Refineries likely to shut as Hurricane Irene nears
The storm pounded the Bahamas Thursday with winds of 115 mph and it could reach East Coast refineries, which are concentrated in New Jersey and Pennsylvania, by Sunday afternoon.
Refineries are already starting to turn off equipment and tie things down.
"Even if the storm eventually misses them, they can't take chances," says Ben Brockwell at the Oil Price Information Service, which monitors fuel shipments around the country.
Refineries are sprawling complexes of concrete and steel that turn oil into gasoline, diesel and other kinds of fuels. While the main buildings are designed to withstand hurricane-force winds and earthquakes, some of their pipes, cooling towers and power lines are susceptible to wind damage. Utilities are expecting widespread power outages from winds and downed trees.
It takes several days for a refinery to start operating again following a shutdown. And many would need almost a month to get back to full operation.
Gasoline futures rose nearly 2 percent Thursday.
Tom Bentz, an analyst at BNP Paribas Commodity Futures, said traders are betting that supplies may be squeezed.
"There's the potential for certainly coastal flooding, potential for refinery outages, potential for shipping delays, things like that," Bentz says.
Drivers should also see pump prices rise this weekend as Irene approaches. People are now paying anywhere from $3.37 a gallon in South Carolina to $3.91 in Connecticut. The national average is down 40 cents from its peak of $3.98 on May 5. But it's still 87 cents higher than at this time last year.
Shutdowns of more than a few days would put serious pressure on fuel supplies and prices. Fuel stockpiles are already low because distributors are preparing to switch to wintertime grades of gas. Sale of those grades starts in September.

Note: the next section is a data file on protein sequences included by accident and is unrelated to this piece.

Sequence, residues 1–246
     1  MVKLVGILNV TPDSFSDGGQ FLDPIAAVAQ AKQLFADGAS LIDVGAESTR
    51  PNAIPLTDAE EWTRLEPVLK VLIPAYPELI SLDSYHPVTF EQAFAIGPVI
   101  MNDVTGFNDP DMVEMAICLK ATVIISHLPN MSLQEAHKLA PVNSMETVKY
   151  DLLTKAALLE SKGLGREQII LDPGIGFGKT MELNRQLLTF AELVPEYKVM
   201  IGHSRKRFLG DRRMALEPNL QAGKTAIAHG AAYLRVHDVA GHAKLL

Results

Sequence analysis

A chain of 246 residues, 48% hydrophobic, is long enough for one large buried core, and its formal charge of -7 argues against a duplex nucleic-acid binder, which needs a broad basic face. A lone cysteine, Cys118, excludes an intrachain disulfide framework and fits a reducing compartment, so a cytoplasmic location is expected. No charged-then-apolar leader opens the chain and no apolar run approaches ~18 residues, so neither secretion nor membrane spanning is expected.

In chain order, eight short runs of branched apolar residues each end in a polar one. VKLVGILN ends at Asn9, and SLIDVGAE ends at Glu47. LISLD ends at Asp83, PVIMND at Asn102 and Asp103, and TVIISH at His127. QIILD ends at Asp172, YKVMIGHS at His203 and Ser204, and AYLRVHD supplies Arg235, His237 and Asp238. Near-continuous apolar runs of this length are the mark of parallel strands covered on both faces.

"Anything longer than a few days could be a problem," Brockwell says.
Three years ago, pump prices jumped 21 cents a gallon in just eight days as Hurricane Ike swept through the Gulf of Mexico and made landfall at Galveston, Texas.
East Coast refineries are located in Virginia, Delaware, Pennsylvania and New Jersey. They account for 7 percent of the nation's refining capability, producing more than 19 million gallons of gasoline and diesel a day, according to the Energy Information Administration. Other refining hubs are located along the U.S. Gulf and West coasts.
Refinery operators must decide about 72 hours before a hurricane hits whether to go into what is called "cold shutdown." Furnaces are turned off and fluids are drained from the refining vessels and into storage tanks.
Jeff Hazle, the senior director for refining technology at the National Petrochemical & Refiners Association says refiners are most concerned about losing power due to high winds.
Refineries typically generate some power on site, but they almost all rely also on offsite power. If there is an outage, refiners can't continue to operate, and they can't drain their refining equipment as completely or safely because pumps don't have power.
If flooding is expected, storage tanks that are nearly empty must be at least partially filled with fuel. Empty tanks can more easily float off of their foundations.
If only moderate winds are expected, the refinery can throttle back production. When a refinery is running at less than full capacity, it is easier for the crew to manage problems that may arise during the storm.
When the plant is shut down, all refinery personnel are evacuated except for a small crew.
There are eight east coast refineries: PBF Energy Partners' plant in Delaware City, Del. and Paulsboro, N.J.; ConocoPhillips' plants in Linden, N.J. and Trainer, Penn.; Hess Corp.'s Port Reading plant; United Refining in Warren, Penn.; and Sunoco's refineries in Marcus Hook and Philadelphia, Penn.